GitHub can remember even PR commits on a deleted branch that were merged sing rebase (and so, do not expose the email/name anywhere in the repo except on the PR web page). If the PR was merged, I don't know any way to reverse the commits (if it is still open you can rebase and force push).
    – D. A.
    Mar 22, 2020 at 17:44

GitHub has a help article called Keeping your email address private, which begins:

Git requires you to identify yourself in order to make commits, but you can hide your contact information by using a fake address. Git itself doesn't care if the email is valid.

Good to know: Although Git does not care, some projects might not accept contributions from you if your commits do not have a valid email address, so you will want to research your project's contribution policies before following these instructions.

GitHub does not get many reports of spam being sent to Git commit email addresses, but if you are worried about it, this guide should help you address those concerns.

The guide contains steps how to configure both Git and GitHub to use a fake address.

  • 1
    I am getting a lot of spam to my GitHub commit e-mail address. I use a dedicated one for that.
    – Mitar
    Apr 15, 2014 at 21:40

Millions of GitHub commit emails "leaked"

https://github.com/cirosantilli/all-github-commit-emails extracted from GitHub Archives https://www.githubarchive.org exports commit.

GitHub Archive gets data from GitHub's events API: https://developer.github.com/v3/activity/events/types/#pushevent and exports it to Google BigQuery hourly which makes it easier to query.

Emails used to be shown on events of type PushEvent, but they stopped after I did this.

I don't think commit emails show anywhere on GitHub's web interface (except the email you set in your GitHub profile, and that only shows for logged in users as of 2022), so any collection is limited by the API rate limiting. TODO: how much time to collect 1M emails via API from scratch.

Practical way to get someone's commit email with the API

ghmail() { curl "https://api.github.com/users/$1/events/public" | grep email; }
ghmail cirosantilli

or visit: https://api.github.com/users/cirosantilli/events/public

There are also:

The Git commit data structure has an explicit author and committer email field

Shown at: What is the file format of a git commit object data structure?

Therefore it is clear that this information is added to commits by default.


Yes, the above answers are correct ... except you want to typically have the same email address for all your projects then you would use the command:

git config --global user.email "[email protected]"

You can also edit the .gitconfig file in your home directory, in the user section.

You can specify a different email for a particular project by doing the same command without the global option.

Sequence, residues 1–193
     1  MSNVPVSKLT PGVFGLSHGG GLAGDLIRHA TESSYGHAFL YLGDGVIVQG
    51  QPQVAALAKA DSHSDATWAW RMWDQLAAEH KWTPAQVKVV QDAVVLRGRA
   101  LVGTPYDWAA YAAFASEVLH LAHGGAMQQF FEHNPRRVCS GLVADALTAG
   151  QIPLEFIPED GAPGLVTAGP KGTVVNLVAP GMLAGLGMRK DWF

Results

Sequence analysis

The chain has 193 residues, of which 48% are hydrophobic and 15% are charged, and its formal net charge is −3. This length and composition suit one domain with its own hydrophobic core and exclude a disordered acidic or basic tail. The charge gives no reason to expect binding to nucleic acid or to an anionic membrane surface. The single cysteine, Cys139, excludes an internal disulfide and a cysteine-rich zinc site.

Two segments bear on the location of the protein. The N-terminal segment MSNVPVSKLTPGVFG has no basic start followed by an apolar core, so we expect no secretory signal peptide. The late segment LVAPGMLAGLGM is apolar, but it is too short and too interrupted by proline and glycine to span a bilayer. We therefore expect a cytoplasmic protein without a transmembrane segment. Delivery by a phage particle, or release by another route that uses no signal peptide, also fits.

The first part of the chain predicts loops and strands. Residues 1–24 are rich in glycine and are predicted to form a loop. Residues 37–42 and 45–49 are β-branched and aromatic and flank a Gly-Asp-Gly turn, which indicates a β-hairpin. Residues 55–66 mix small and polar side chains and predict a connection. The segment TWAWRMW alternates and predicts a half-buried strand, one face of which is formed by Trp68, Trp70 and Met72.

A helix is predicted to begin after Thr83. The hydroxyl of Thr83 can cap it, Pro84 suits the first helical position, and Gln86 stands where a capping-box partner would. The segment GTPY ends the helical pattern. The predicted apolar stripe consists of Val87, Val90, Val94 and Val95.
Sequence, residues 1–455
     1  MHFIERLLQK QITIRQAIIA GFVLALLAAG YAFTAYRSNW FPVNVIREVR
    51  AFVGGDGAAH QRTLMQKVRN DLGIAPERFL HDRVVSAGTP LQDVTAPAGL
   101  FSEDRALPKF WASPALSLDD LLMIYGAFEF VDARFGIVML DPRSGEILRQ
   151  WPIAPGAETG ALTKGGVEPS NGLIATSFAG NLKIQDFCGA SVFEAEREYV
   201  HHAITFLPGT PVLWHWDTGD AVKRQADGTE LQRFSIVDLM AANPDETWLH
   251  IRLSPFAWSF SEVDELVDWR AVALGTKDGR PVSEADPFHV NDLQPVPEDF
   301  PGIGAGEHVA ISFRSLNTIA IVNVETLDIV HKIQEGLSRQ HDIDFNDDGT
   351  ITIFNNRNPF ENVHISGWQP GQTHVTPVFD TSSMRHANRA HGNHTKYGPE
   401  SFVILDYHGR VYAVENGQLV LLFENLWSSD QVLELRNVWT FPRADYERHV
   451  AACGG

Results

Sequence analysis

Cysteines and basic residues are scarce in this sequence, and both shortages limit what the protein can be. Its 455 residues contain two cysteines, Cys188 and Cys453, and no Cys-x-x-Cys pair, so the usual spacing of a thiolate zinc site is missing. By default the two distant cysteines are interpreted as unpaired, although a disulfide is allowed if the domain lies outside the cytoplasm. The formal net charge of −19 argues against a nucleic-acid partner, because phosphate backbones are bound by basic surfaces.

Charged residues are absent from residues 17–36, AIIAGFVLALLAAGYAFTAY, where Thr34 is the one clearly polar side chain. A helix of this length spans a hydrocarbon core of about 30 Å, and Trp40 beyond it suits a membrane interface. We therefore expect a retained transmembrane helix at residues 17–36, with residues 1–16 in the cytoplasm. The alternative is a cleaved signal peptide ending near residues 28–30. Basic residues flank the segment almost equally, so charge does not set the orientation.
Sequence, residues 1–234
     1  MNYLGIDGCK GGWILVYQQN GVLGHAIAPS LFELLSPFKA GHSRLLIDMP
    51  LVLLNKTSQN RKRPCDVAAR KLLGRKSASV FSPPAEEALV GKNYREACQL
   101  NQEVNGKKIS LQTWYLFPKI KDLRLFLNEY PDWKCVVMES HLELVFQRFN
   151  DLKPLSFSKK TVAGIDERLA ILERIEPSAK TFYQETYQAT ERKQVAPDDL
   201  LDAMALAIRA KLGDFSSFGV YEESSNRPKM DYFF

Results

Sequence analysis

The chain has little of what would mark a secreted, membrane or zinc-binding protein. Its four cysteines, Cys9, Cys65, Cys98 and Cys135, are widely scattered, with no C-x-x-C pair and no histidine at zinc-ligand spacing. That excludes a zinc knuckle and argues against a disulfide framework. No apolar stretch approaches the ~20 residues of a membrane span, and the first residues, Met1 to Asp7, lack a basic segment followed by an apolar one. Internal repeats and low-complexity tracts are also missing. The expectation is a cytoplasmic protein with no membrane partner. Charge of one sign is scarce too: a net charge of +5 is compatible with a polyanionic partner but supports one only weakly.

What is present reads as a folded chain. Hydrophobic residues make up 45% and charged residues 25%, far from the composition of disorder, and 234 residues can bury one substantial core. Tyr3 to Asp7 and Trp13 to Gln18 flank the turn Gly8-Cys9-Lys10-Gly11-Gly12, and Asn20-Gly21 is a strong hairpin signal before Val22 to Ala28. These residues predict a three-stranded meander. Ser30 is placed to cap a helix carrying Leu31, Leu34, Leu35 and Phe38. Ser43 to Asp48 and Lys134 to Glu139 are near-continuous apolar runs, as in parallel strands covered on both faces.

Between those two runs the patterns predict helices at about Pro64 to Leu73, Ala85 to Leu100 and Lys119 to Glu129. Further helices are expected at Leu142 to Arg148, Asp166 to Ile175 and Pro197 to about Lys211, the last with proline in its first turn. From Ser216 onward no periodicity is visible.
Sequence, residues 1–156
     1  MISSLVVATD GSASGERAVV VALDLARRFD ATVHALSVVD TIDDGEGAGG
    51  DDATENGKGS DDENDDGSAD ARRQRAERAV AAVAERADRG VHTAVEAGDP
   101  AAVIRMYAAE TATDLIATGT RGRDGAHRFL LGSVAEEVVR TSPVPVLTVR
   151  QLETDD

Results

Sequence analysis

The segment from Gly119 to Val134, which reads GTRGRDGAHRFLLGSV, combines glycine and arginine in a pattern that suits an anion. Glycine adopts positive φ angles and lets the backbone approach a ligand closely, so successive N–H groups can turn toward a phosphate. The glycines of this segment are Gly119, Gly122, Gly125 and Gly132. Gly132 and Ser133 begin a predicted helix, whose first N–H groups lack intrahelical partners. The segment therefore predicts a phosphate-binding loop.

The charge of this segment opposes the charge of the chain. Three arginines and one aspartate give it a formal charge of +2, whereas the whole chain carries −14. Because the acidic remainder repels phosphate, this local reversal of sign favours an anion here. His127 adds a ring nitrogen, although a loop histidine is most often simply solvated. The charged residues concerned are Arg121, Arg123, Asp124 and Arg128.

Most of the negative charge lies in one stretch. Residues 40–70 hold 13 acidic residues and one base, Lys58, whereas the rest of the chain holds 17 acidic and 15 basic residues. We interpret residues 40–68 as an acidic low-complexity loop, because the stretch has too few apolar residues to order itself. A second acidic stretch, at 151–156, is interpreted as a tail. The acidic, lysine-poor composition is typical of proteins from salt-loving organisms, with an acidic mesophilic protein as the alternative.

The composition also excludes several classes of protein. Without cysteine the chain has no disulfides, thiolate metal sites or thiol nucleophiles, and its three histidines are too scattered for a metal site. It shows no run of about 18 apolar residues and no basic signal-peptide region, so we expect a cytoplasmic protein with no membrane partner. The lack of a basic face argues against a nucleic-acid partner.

Also, I suggest that you can obfuscate your email if the submits are going to a public area:


As an example.


You can retroactively change the author name, email etc. BEWARE that doing the following can corrupt your history.


git filter-branch --env-filter '


if [ "$GIT_COMMITTER_EMAIL" = "[email protected]" ]
    cn="Your New Committer Name"
    cm="Your New Committer Email"
if [ "$GIT_AUTHOR_EMAIL" = "[email protected]" ]
    an="Your New Author Name"
    am="Your New Author Email"

export GIT_AUTHOR_NAME="$an"
export GIT_AUTHOR_EMAIL="$am"

Taken from here


GitHub has a help section about setting your email address.

Specifically it says:

Good to know: You don't have to give a valid email. If you're concerned about spam, use a fake email instead. [email protected] is a common practice.


Yes, your email address (as specified in git config user.email) will be visible in web interfaces like GitWeb. Also everybody can learn your email address by cloning your repository though this is probably still far beyond spambots. Nobody forces you to use a real email address, though. Git will automatically set a constructed email address if none is given. On my machine without user.email it shows commits by “Foo <foo@daughter.(none)>”.


if I make my repo publicly available, via GitHub for example, will my e-mail address be visible to everyone

Note: you can also make your repository locally available, through a local gitweb (web frontend to Git repositories, packaged with a regular Git distribution, and which can be installed with git instaweb).

And with Git 2.32 (Q2 2021), "gitweb" learned "e-mail privacy" feature to redact strings that look like e-mail addresses on various pages.

See commit 0996dd3 (28 Mar 2021) by Georgios Kontaxis (kontaxis).
(Merged by Junio C Hamano -- gitster -- in commit a9414b8, 13 Apr 2021)

gitweb: add "e-mail privacy" feature to redact e-mail addresses

Signed-off-by: Georgios Kontaxis
Acked-by: Eric Wong
Acked-by: Ævar Arnfjörð Bjarmason

Gitweb extracts content from the Git log and makes it accessible over HTTP.
As a result, e-mail addresses found in commits are exposed to web crawlers and they may not respect robots.txt.
This can result in unsolicited messages.

Introduce an 'email-privacy' feature which redacts e-mail addresses from the generated HTML content.
Specifically, obscure addresses retrieved from the the author/committer and comment sections of the Git log.
The feature is off by default.

This feature does not prevent someone from downloading the unredacted commit log, e.g., by cloning the repository, and extracting information from it.
It aims to hinder the low- effort, bulk collection of e-mail addresses by web crawlers.

gitweb.conf now includes in its man page:


Redact e-mail addresses from the generated HTML, etc. content. This obscures e-mail addresses retrieved from the author/committer and comment sections of the Git log.
It is meant to hinder web crawlers that harvest and abuse addresses. Such crawlers may not respect robots.txt.
Note that users and user tools also see the addresses as redacted. If Gitweb is not the final step in a workflow then subsequent steps may misbehave because of the redacted information they receive.
Disabled by default.